Aerating your lawn gives it the best chance to build solid roots and survive less than ideal conditions. You’ve probably heard something about aerating your lawn, but it’s always been one of those things you put off because it sounds complicated.
Can you really do it yourself or should you hire someone to aerate your lawn? And when is the best time to aerate your lawn, anyway?
Well the good news is you’ve come to the right place and we can answer all the questions you may have about aerating your lawn.
Do You Really Need to Aerate Your Lawn?
To answer the question, do you really need to aerate your lawn, we need to go over a little information first.
Before you can decide to do something or not, you need to be familiar with what it is, right?
Lawn aeration is just a fancy term for perforating your soil (and grass) to allow water, air, and nutrients to reach the grass roots. The whole goal of aeration is to allow the roots of the grass to grow deeper and create a brighter, stronger lawn.
Aeration helps release some of the soil compaction that prevents water, air, and nutrients from circulating through the soil and getting to the roots.
It’s a good idea to aerate your lawn if:
- It gets a lot of use. If you have pets and/or children who use the yard as a playground, it could benefit from aerating.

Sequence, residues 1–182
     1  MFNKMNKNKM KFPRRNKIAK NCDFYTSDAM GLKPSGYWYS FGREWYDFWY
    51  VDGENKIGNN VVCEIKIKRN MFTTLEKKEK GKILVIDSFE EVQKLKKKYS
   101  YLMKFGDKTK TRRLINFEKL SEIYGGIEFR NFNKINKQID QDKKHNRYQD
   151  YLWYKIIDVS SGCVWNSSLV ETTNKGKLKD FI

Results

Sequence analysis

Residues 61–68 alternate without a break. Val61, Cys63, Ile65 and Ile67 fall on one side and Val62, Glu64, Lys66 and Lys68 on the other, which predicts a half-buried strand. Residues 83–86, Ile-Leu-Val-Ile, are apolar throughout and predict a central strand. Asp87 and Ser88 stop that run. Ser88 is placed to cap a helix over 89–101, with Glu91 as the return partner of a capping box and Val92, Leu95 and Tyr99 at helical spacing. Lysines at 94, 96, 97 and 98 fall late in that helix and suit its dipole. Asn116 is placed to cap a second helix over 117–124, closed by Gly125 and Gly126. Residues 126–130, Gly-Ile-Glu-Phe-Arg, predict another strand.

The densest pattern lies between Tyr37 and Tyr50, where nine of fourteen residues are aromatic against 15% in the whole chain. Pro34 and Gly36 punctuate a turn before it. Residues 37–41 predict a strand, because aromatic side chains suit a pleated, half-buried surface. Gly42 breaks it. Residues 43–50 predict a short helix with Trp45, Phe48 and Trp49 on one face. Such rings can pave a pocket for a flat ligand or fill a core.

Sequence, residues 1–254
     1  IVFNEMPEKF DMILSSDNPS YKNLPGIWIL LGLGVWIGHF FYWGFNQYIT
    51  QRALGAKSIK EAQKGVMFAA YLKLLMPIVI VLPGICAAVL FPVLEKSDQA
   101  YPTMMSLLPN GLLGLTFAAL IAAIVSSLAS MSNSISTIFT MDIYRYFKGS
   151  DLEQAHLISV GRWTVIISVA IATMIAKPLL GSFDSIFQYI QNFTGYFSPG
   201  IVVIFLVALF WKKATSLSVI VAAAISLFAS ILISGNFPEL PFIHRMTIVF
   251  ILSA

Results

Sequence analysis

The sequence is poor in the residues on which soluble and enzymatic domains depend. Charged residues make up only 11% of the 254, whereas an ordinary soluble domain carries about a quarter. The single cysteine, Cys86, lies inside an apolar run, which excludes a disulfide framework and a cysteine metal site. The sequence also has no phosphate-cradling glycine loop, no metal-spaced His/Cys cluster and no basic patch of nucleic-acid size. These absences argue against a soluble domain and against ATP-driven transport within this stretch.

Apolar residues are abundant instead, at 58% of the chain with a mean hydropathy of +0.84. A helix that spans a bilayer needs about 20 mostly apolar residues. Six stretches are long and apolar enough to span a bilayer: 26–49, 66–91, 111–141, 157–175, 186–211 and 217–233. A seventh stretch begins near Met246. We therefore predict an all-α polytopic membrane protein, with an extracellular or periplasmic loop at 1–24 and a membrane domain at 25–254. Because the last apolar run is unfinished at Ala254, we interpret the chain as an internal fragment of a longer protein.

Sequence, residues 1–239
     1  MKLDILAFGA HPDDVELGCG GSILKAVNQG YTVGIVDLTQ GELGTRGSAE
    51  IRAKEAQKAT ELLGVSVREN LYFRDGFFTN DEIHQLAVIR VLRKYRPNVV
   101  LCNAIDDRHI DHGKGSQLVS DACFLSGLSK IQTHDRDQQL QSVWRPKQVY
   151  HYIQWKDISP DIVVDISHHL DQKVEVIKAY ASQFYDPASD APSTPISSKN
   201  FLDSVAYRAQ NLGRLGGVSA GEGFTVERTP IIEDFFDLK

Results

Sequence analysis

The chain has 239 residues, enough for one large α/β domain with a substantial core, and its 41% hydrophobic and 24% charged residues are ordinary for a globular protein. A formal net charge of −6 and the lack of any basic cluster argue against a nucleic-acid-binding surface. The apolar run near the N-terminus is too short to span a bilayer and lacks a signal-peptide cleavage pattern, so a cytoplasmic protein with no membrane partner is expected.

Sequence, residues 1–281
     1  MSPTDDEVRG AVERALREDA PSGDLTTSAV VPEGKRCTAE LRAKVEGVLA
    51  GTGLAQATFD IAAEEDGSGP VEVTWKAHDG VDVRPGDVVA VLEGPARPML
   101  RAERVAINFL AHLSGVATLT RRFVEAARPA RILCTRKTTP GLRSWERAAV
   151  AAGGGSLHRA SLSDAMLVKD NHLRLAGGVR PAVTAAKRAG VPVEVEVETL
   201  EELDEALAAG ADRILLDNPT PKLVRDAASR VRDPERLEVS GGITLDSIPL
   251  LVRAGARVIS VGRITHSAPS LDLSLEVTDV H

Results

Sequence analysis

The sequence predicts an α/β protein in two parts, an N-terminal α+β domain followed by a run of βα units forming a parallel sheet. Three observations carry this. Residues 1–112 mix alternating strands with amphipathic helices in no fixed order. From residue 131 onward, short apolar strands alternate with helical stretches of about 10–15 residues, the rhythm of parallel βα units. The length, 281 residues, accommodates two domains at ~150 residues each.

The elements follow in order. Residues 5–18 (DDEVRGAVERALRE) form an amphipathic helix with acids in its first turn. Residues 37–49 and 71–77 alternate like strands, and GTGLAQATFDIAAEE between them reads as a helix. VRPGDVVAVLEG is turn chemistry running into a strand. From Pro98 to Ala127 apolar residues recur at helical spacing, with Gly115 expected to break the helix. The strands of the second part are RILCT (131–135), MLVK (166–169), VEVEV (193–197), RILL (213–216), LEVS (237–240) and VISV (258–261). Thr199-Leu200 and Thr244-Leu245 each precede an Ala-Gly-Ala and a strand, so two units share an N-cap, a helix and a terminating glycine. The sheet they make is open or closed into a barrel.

- Your home was newly constructed. The construction traffic and machinery can greatly compact the soil. In many cases, new construction even strip or bury the topsoil and establish grass on a subsoil.
- Sod and soil layering was used to establish the lawn. Soil layering is done when a finer soil from the sod is laid on top of a coarser soil.
- The grass dries out easily or feels spongy. These are both signs of too much thatch. You can find out if that’s the problem by using a shovel and removing a patch of lawn about four inches deep. If the thatch is over a half of an inch, aeration is needed.
What is the Best Time of Year to Aerate Your Lawn?
Now that you know more about lawn aeration, you may be wondering when is the best time to aerate your lawn? That’s a great question, and it’s important that you aerate it at the proper time to get the results you want.
For the most part, the type of grass you have will determine the best aeration window, but both windows have some summertime overlap. So yes, you can aerate the lawn in the summer – just keep reading.
Warm weather grasses include Zoysia, Carpetgrass, Bermuda, Buffalo, Centipede Grass, Bahiagrass, and St. Augustine. You should aerate warm weather grass when the weather gets warm – through the late spring and early summer. Avoid heat waves and droughts, but these grasses are pretty forgiving.
Cool weather grasses include Bentgrass, Kentucky Bluegrass, Rye Grass, and Tall and Fine Fescues. You should aerate cool weather grasses when the weather starts to cool, which is usually during late summer and early fall.
When to Aerate Your Lawn in Colorado
Now the big question, if you’re in our area, you need to know when to aerate your lawn in Colorado. The important thing to know is that you don’t want to aerate your lawn based on your region. You want to know what type of grass you have and aerate it based on that. For example, Colorado has Kentucky Bluegrass and Fescues, but warmer areas could have a warm weather grass.
Aerating your lawn may sound minor, but it can have a profound effect on your lawn’s health and appearance. Follow our tips and you’ll be well on the way.